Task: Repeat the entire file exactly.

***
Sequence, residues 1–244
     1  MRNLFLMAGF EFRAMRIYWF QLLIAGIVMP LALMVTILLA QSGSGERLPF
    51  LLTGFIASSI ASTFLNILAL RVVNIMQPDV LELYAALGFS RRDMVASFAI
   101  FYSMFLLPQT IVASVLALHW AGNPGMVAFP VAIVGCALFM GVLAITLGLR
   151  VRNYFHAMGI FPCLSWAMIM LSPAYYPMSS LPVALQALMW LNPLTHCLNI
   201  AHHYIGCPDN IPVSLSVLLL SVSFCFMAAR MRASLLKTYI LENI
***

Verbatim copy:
Sequence, residues 1–244
     1  MRNLFLMAGF EFRAMRIYWF QLLIAGIVMP LALMVTILLA QSGSGERLPF
    51  LLTGFIASSI ASTFLNILAL RVVNIMQPDV LELYAALGFS RRDMVASFAI
   101  FYSMFLLPQT IVASVLALHW AGNPGMVAFP VAIVGCALFM GVLAITLGLR
   151  VRNYFHAMGI FPCLSWAMIM LSPAYYPMSS LPVALQALMW LNPLTHCLNI
   201  AHHYIGCPDN IPVSLSVLLL SVSFCFMAAR MRASLLKTYI LENI